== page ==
The Supreme Court has held that the Sixth Amendment right to counsel may be violated when defense counsel is ineffective as a matter of constitutional law. That Court has emphasized that appellate review of counsel's performance "must be highly deferential. . . . A fair assessment of attorney performance requires that every effort be made to eliminate the distorting effects of hindsight, to reconstruct the circumstances of counsel’s challenged conduct, and to evaluate the conduct from counsel’s perspective at the time." Strickland v. Washington, 466 U.S. 668, 689 (1984)(citation omitted). Under Strickland, appellant must demonstrate: (1) a deficiency in counsel’s performance that is "so serious that counsel was not functioning as the ‘counsel’ guaranteed the defendant by the Sixth Amendment," and (2) that the "deficient performance prejudiced the defense . . . [through] errors . . . so serious as to deprive the defendant of a fair trial, a trial whose result is reliable." Id. at 687; see United States v. Moulton, 47 MJ 227 (1997). A servicemember is entitled to the effective assistance of counsel in post-trial proceedings. United States v. Palenius, 2 MJ 86 (CMA 1977).
Both of appellant’s attorneys submitted affidavits that were considered by the Court of Criminal Appeals, and further affidavits were filed in conjunction with our consideration of this case. Civilian counsel's unrebutted affidavit stated that he personally discussed appellant's request for clemency with the convening authority and emphasized "appellant's record and exceptional character testimony." While it may well have been preferable, as a matter of practice, for counsel to have supplemented or memorialized this personal presentation to the convening authority with a written submission under RCM 1105 or 1106, there is no statutory or regulatory requirement for counsel to do so. See United States v. Davis, 33 MJ 13 (CMA 1991).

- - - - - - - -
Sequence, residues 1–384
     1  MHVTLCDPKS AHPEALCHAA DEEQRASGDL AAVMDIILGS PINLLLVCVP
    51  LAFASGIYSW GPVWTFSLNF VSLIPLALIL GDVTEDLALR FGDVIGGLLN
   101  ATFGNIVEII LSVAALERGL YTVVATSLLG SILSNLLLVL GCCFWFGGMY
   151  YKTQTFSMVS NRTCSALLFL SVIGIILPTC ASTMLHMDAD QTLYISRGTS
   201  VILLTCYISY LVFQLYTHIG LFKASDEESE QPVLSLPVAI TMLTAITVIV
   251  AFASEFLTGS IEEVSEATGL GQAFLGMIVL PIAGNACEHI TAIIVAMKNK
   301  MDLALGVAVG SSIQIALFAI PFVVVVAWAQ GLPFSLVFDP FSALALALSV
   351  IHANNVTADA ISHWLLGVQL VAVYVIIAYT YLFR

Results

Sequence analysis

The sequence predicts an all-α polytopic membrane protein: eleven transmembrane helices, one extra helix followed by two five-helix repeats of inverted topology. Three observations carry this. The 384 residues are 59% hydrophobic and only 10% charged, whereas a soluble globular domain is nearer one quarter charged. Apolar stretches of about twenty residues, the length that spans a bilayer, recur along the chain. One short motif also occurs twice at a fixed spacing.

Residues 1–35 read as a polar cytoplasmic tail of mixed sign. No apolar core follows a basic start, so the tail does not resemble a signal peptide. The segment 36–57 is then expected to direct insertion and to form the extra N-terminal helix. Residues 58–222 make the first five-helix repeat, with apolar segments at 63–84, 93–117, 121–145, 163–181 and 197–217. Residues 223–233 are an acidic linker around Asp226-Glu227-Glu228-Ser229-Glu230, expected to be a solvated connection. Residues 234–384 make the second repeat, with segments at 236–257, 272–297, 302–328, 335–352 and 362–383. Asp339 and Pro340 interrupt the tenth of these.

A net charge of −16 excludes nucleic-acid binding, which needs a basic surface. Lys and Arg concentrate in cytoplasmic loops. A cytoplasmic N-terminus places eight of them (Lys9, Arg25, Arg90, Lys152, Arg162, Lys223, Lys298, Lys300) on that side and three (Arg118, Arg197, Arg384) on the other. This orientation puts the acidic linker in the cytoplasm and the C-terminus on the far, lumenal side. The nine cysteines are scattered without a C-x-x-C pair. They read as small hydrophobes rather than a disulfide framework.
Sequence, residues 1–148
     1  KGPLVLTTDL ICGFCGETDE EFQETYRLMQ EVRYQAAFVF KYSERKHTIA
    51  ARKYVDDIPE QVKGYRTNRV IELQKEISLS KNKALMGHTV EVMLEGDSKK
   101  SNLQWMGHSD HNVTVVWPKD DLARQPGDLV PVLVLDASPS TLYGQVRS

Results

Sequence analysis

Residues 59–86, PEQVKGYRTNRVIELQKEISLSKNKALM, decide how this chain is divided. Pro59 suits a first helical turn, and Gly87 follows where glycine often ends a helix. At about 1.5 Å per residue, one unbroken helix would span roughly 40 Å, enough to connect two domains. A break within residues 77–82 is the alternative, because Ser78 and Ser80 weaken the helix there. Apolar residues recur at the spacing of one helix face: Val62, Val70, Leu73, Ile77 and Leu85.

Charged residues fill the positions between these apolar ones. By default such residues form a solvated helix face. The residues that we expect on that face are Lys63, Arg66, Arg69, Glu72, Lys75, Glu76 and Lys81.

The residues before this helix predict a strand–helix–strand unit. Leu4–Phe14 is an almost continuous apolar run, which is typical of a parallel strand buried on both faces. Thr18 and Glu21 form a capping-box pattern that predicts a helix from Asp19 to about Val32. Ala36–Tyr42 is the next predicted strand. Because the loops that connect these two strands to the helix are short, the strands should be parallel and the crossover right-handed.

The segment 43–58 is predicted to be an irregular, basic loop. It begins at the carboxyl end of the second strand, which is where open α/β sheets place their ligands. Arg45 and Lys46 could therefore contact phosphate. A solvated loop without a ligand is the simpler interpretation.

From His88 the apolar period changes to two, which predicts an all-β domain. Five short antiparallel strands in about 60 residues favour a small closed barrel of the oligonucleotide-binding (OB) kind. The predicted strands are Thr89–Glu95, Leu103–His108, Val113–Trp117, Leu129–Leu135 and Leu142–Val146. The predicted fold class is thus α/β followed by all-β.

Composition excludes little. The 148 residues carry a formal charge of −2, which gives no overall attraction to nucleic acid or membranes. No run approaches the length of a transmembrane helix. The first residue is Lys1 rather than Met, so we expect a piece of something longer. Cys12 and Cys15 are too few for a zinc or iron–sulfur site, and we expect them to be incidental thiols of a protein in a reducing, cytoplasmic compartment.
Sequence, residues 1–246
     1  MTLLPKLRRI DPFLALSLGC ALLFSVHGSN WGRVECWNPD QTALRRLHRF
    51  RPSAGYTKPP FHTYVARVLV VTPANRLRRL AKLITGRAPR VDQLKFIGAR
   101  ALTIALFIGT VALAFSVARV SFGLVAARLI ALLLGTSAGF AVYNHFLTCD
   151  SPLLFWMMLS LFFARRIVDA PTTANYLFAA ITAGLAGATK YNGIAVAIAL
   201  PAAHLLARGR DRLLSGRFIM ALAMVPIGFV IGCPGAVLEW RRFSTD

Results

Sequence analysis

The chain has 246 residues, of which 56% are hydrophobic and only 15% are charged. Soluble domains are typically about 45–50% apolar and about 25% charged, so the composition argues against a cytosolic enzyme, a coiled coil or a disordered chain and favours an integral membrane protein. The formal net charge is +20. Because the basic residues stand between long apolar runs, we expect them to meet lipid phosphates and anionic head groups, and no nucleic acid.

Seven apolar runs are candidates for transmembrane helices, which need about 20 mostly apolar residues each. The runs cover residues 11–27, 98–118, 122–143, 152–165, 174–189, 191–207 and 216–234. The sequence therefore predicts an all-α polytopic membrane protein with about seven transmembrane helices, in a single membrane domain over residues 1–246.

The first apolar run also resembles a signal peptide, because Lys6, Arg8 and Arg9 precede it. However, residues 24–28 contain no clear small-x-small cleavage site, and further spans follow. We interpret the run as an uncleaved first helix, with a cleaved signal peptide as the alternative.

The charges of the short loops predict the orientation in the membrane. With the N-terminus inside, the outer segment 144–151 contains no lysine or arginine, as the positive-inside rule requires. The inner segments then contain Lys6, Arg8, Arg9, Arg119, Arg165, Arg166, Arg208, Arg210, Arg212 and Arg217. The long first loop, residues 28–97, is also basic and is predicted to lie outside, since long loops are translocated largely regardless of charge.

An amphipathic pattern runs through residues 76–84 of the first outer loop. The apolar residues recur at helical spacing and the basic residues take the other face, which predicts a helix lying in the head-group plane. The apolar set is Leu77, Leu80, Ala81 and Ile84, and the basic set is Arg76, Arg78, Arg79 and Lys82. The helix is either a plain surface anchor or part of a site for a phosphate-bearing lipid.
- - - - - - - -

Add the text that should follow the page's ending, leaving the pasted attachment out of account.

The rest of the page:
In the circumstances of this case, military defense counsel's conduct was not deficient within the meaning of Strickland. With respect to the unreturned telephone calls, the unrebutted affidavit of military defense counsel indicates that the only post-trial request he received from appellant dealt with assistance in preparing paperwork related to an educational loan. Appellant has not indicated that there was any additional information concerning clemency that he or his father sought to communicate to counsel. Thus, appellant has not demonstrated that any failure to return telephone calls was relevant to the issue of post-trial clemency. Moreover, the deficiency, if any, in failing to return telephone calls related to student loans was not prejudicial.
The affidavit filed by civilian defense counsel
with the Court of Criminal Appeals contained ambiguities which raised the
issue of whether counsel believed that the convening authority was predisposed
against clemency. This matter was clarified in counsel's second affidavit,
in which he emphasized that there were no discussions of clemency until
the post-trial proceedings. Counsel also stated that he decided to pursue